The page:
The bishops stumbled, though, when they chose to let stand their quadrennial document on voting, "Forming Consciences for Faithful Citizenship." Choosing not to issue a new document is short-sided at least and could be tragic. Read carefully the words of Bishop Robert McElroy of San Diego. He sees clearly that this could be a time of metanoia, and the bishops are in danger of letting it pass.
The bishops talk of this document as being written in 2015, but in reality it was crafted in 2007 and with only very minor changes made since then. Think of all that has happened in this country since 2007. As McElroy says, the current document has nothing to say about present moments "that traumatize us as a country."
Think, too, of how the church's social doctrine has developed since then. Pope Benedict XVI's Caritas in Veritate, Francis' Evangelii Gaudium, "Laudato Si', on Care for Our Common Home" and, most recently, Gaudete et Exsultate are all magisterial documents that have developed Catholic social teaching, and none of them are referenced in the current document. Not bringing that teaching into the current American experience is an injustice to U.S. Catholics.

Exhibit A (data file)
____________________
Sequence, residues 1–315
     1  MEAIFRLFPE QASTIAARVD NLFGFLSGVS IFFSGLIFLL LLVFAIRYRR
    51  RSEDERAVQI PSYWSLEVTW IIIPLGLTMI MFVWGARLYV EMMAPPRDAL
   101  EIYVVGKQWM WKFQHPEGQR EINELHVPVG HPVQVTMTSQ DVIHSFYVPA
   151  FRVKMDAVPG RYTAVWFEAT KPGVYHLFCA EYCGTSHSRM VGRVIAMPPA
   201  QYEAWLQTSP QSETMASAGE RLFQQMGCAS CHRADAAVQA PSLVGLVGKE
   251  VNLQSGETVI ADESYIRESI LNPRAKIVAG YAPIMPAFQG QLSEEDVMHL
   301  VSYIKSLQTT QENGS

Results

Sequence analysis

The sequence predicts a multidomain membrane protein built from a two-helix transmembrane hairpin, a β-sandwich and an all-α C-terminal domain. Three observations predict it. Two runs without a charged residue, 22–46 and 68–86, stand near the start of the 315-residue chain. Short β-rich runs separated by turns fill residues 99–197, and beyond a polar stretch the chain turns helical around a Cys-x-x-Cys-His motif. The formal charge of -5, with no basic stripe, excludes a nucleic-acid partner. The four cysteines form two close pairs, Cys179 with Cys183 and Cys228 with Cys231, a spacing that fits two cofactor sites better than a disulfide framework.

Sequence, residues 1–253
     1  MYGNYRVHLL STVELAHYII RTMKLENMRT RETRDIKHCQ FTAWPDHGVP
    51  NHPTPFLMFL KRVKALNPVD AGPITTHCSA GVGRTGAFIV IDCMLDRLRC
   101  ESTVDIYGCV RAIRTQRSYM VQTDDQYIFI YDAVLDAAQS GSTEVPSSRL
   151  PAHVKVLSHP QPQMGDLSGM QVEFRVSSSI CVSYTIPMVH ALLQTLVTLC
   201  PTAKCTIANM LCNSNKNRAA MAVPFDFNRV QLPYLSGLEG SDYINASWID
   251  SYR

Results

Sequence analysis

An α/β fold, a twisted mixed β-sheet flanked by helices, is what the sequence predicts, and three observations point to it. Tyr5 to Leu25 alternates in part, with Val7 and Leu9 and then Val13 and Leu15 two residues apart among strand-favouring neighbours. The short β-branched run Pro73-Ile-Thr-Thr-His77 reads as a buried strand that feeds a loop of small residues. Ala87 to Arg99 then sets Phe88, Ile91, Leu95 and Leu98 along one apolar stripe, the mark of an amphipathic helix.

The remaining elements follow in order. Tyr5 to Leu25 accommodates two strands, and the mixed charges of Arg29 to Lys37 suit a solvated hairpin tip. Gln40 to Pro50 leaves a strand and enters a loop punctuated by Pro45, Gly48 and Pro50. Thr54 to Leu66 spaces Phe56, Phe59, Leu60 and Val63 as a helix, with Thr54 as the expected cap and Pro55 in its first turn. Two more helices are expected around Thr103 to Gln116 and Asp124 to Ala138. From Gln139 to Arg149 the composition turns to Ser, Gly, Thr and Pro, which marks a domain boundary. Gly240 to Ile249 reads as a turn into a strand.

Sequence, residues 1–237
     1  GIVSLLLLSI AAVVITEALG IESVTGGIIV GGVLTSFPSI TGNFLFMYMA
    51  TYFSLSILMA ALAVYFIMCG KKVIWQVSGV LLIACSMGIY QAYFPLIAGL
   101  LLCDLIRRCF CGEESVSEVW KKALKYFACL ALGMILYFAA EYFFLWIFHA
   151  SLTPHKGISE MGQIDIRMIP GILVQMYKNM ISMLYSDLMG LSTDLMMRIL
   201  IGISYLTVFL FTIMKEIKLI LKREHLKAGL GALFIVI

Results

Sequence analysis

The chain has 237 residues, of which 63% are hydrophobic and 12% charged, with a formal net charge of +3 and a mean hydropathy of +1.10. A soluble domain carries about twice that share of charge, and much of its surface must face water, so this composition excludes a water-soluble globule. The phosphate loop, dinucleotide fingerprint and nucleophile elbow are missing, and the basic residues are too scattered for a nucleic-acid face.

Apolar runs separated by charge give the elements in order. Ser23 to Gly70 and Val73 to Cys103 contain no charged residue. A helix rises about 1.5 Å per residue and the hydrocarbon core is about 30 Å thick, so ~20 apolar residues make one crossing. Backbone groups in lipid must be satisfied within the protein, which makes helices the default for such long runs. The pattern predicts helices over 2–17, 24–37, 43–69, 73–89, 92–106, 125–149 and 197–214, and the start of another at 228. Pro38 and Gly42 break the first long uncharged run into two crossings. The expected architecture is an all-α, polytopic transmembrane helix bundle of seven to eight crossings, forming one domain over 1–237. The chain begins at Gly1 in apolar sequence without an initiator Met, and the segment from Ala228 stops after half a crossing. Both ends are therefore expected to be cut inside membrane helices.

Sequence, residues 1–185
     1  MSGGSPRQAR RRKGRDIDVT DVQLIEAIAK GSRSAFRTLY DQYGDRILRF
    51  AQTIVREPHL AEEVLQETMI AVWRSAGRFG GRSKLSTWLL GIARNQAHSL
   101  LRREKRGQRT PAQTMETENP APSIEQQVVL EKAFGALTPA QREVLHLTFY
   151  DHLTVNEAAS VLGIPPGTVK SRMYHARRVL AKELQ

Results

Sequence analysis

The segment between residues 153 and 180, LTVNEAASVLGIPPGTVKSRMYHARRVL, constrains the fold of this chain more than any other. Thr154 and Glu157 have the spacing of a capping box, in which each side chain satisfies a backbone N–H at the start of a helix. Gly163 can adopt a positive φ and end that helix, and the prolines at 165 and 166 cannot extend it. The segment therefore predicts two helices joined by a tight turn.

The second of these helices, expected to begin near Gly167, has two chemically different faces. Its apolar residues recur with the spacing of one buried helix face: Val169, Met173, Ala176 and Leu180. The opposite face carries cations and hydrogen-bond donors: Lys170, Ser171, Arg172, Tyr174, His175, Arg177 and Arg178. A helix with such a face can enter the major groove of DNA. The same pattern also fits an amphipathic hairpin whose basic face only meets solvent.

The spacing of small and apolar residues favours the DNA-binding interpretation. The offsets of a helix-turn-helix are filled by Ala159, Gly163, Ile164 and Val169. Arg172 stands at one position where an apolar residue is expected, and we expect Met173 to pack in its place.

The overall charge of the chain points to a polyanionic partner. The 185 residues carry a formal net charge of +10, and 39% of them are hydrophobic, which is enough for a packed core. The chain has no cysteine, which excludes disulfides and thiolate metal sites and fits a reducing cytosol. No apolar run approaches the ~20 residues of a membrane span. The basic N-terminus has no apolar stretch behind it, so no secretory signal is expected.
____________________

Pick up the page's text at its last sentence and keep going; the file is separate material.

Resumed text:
This group of bishops — with individual exceptions — seems loath to fully embrace Francis' social agenda, which besides addressing immigration, highlights climate change, poverty and nonviolence. As a body, they have done precious little to implement Laudato Si'. They pay only lip service to the critique of financial systems in Evangelii Gaudium and the just-released Oeconomicae et pecuniariae quaestiones. The process of drafting, debating and approving a "Faithful Citizenship" would force the bishops to confront these deficits and would go a long way to restoring their place as moral leaders.
Let's be clear here: We are not advocating for a revised and reissued "Faithful Citizenship." We want — we need — a wholly new document — not a partisan voters' guide, but a moral document addressing, in the words of McElroy, "primary issues of claim upon the conscience of believers in public policy."
In the 1980s, the U.S. bishops read the signs of the times and issued teaching documents on nuclear weapons and economics that shaped Catholic social thought and action for the better part of two decades. Given the times we are living in today, a new "Faithful Citizenship" could be a similarly groundbreaking document that could inspire the faithful to action. The people are crying out for that kind of moral leadership and will find it with or without the bishops, but having the bishops firmly on board would boost the cause.
Another biblical metaphor comes to mind: "If the bugle gives an indistinct sound, who will get ready for battle?" (1 Corinthians 14:8). The faithful are poised for action with their ears cocked for a clarion call. Will the bishops sound the horn?
*This article has been edited to correct the location of Nogales.